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‘Copyright criminals’ look to remix the noise–legally, by Daniel Terdiman

Image source: Copyright Criminals

Text source: Cnet

When Paul Miller, aka DJ Spooky, says he thinks musicians should be able to remix samples of others’ clips into new works, he puts his money where his mouth is.

Miller is part of a group of musicians including Public Enemy’s Chuck D; Parliament Funkadelic’s George Clinton; and the band De La Soul who are allowing the public to mash up audio snippets from interviews they’ve given into submissions for a new remixing competition.

The Copyright Criminals Remix Contest, which is sponsored by the nonprofit copyright licensing organization Creative Commons, is all about promoting remixing culture and encouraging artists like Miller to make their work legally and affordably available for other musicians to manipulate.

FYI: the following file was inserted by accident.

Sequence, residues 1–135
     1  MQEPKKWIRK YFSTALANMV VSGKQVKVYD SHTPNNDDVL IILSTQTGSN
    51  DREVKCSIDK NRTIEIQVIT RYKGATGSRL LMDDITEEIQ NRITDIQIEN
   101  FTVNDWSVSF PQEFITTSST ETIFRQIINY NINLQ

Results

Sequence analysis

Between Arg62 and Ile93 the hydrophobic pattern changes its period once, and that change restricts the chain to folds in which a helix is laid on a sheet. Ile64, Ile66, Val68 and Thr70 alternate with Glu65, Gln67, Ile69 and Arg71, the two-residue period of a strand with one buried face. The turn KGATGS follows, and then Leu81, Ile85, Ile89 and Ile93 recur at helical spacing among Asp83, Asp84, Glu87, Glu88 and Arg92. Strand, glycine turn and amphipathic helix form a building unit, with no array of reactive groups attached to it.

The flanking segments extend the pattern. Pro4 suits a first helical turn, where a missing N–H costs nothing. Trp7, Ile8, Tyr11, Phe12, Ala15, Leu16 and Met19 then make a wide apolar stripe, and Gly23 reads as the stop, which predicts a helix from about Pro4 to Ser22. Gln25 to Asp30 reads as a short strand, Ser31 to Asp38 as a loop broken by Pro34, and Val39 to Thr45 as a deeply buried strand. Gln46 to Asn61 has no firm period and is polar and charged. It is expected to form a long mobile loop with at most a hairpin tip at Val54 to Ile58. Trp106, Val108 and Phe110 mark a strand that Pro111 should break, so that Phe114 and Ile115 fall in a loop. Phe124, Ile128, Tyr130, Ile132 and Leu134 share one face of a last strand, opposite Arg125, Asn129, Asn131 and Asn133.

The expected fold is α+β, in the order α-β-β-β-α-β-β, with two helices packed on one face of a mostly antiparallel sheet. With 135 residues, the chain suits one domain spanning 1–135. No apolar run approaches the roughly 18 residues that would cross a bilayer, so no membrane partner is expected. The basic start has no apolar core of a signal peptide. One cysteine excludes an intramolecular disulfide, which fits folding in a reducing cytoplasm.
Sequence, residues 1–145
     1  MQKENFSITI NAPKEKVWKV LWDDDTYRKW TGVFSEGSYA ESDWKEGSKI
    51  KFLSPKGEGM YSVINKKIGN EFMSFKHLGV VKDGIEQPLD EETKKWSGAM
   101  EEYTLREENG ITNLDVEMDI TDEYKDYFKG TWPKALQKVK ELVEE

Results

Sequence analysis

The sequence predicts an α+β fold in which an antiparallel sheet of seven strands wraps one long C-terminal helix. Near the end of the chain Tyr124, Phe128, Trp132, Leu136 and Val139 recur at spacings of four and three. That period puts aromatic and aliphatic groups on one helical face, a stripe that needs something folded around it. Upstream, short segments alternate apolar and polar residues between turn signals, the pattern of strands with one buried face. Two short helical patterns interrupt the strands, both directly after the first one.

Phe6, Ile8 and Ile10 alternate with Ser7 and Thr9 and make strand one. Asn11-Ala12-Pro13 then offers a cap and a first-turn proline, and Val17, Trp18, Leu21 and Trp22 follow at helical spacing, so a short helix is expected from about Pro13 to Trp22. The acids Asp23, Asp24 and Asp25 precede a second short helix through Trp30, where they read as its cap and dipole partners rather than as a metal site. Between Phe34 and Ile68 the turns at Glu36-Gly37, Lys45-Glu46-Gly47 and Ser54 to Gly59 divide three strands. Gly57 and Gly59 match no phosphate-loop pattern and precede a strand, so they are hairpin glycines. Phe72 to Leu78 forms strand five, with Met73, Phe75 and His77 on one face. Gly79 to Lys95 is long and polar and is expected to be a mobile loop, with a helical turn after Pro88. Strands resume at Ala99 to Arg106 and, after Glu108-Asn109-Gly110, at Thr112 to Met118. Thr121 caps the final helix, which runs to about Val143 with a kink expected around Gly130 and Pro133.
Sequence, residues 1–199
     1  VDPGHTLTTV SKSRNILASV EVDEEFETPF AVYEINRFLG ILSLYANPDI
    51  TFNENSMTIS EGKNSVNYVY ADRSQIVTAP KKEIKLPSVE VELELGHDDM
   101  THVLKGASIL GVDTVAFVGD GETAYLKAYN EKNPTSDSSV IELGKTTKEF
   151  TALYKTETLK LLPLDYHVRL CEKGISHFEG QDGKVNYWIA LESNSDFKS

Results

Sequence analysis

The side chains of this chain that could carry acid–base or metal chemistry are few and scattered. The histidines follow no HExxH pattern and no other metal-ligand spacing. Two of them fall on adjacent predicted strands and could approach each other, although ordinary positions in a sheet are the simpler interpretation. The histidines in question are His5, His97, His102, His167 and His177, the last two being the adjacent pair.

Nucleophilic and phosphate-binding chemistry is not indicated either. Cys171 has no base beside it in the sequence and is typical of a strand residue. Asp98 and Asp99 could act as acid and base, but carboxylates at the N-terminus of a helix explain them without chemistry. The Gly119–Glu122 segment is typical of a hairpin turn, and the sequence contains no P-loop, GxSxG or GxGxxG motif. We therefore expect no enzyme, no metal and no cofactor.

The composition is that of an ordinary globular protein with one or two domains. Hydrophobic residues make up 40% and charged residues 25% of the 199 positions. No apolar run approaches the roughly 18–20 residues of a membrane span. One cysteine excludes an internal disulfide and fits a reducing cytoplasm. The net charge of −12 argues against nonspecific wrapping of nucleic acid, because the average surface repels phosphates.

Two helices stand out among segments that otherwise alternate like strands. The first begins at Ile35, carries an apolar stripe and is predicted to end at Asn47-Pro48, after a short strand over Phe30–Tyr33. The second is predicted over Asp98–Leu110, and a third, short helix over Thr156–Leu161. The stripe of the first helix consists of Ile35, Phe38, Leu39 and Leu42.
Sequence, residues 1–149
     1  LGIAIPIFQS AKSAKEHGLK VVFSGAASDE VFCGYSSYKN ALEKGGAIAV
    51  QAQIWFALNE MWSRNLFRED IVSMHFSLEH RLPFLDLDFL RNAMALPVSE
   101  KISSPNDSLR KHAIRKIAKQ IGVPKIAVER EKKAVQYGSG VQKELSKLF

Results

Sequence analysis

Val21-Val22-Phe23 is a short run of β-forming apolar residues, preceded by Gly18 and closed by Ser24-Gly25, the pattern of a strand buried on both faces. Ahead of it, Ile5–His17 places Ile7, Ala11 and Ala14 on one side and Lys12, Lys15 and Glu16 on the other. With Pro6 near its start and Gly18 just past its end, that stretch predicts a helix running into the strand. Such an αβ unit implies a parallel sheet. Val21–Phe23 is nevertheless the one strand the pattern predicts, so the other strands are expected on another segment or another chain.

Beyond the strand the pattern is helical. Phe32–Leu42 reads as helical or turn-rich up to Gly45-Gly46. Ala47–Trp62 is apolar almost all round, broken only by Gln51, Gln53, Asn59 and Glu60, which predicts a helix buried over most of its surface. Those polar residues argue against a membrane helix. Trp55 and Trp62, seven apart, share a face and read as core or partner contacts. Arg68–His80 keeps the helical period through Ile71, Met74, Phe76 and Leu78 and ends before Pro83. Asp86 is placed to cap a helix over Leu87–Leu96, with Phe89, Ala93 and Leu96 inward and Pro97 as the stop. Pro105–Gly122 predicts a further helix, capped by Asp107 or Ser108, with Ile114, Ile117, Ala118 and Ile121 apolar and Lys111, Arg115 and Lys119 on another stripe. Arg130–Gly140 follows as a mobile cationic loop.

Creative Commons has built a licensing system that allows content creators to decide which usage rights to their work to grant others. In every case, the licenses require attribution to the creator. Some allow users to manipulate licensed work for any non-commercial purpose, while others don’t. The ultimate point is to faciliate copyrights that are flexible on which rights users get.

Read the entire article at Cnet

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